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How Can You Tell if a Cleaner Is Green?

Toxic substances enter the environment every day in massive amounts, and many of them come from our homes: paints, cleaners, oils, batteries, and pesticides. What we regard as everyday home products, the Environmental Protection Agency defines as “household hazardous waste.”[1] Every year, humans produce more than 400 million tons of hazardous waste.[2] Switching to green cleaners can help lesson your household’s impact on the environment, but how can you tell if a cleaner is truly eco-friendly?

What Is Green Cleaning?

When the government, businesses, or individuals choose cleaning products that are safe for the environment and humans, they are opting for green cleaning. These products are nontoxic, nonflammable, non-corrosive, and non-reactive.

Why Is Green Cleaning Important?

Continued use of the toxic chemicals found in standard cleaning products creates environmental damage that may be irreversible, indicates the EPA.  These toxic cleaning products contain chemicals known to cause health problems. For the safety of humans and the environment, it is more sensible to avoid using such products, especially when good substitutes are available that are non-toxic.

Is It Really Green?

The Center for the New American Dream notes that there is no legal requirement for cleaning products to list their ingredients. Nevertheless, the manufacturers of many cleaning products claim that they’re “green.” Oftentimes, there is no way of verifying if these claims are true. A manufacturer may, without meeting any requirements whatsoever, label a cleaning product with terms like green, non-toxic, environmentally friendly, or environmentally safe.

An example is the Simple Green Concentrated All-Purpose Cleaner. The label says this product is non-toxic and biodegradable. But is it truly green and safe? The Environmental Working Group’s (EWG) Guide to Healthy Cleaning gives this product the worst score possible of an “F,” and lists it in its “Hall of Shame.” Ingredients include suspected endocrine system disrupter 2-Butoxyethanol. 

What's In a Label?

When manufacturers voluntarily put ingredient labels on their products, consumers stand a better chance of determining if those products are safe for their families and the planet. Consumers can learn how to compare nontoxic ingredients in truly green cleaners to toxic ones in "fake" green cleaners. About Home recommends not buying any cleaning products that contain chlorine, mineral oil, artificial dyes, fragrances, phosphates, or triclosan.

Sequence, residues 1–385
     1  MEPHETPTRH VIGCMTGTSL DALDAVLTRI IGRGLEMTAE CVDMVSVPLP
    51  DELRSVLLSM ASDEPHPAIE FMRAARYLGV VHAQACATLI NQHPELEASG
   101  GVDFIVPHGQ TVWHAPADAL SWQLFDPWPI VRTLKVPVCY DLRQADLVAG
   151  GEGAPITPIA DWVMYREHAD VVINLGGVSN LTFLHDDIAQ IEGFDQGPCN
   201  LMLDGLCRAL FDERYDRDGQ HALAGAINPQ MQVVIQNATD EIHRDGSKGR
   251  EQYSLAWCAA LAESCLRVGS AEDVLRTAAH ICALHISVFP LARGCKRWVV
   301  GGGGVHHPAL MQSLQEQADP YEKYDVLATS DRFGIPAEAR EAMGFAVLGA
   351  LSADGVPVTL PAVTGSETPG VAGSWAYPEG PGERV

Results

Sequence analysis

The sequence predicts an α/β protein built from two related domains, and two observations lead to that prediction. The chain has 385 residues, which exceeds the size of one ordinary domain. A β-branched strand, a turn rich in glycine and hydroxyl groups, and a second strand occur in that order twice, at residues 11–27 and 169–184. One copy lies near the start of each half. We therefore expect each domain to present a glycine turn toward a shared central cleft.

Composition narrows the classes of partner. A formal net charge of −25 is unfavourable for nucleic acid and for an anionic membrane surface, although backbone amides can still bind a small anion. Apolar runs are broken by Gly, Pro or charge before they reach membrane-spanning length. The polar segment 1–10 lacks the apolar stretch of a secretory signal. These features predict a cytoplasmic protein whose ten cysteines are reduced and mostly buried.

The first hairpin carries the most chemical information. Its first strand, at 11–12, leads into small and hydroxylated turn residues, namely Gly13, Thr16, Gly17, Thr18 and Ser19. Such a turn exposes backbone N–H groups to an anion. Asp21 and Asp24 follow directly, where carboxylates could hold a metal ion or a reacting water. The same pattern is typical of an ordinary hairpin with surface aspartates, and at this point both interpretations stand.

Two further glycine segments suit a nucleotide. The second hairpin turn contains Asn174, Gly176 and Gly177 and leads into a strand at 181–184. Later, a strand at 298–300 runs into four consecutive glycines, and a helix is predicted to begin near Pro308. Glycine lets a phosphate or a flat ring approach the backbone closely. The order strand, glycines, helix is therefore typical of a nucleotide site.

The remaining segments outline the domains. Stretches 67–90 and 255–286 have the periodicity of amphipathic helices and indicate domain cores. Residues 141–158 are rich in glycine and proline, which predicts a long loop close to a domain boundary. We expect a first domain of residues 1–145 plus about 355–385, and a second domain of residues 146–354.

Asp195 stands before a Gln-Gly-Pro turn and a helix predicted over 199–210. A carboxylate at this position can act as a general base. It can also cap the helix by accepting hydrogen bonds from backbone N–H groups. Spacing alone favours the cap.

How to Tell if a Cleaning Product Is "Green"

1) Check the Safety Data Sheet

Every cleaning chemical sold in the United States is required by the EPA to have a Safety Data Sheet (SDS). An example of an SDS for a truly green cleaning product is MastiClean, which cleans thick tar, heavy grease, and tough sticky mastic from surfaces and hands. It works better than the harsh solvents, such as gasoline, that are routinely relied on to clean such messes.

The SDS information for MastiClean states:

  • This product is not hazardous to the environment.
  • No ingredients are hazardous.
  • It is not carcinogenic.
  • It is not harmful to aquatic creatures.

2) Inspect the Packaging 
Look for the use of recycled materials and the recyclable symbol. See if the product and packaging is biodegradable. Note any third party green certifications, such as those from EcoLogo, Green Seal, and PETA. The EPA also has a Safer Choice label.

3) Investigate the Manufacturing Process 

Find out where the factories are located and how they fare with environmental issues.

4) Analyze Usage Recommendations

Safety Health reminds us that improper use of a product may be dangerous. If the SDS has safety precautions, such as wearing protective gear when using a product, it is necessary to follow these guidelines carefully. When there are numerous safety precautions, this can mean the product is NOT green.

The Hidden Cost of Toxic Cleaners

In many cases, the price of using a truly “green” cleaning product is comparable to other standard choices. The hidden costs for using toxic cleaning chemicals are the ill effects on the health of humans, animals, plants, and the environment. Using green cleaning products, especially around children, should be everyone’s goal.

[1] http://www3.epa.gov/epawaste/conserve/materials/hhw.htm#_ga=1.122369357.793718343.1445556614

[2] http://www.theworldcounts.com/stories/household-hazardous-waste-statistics

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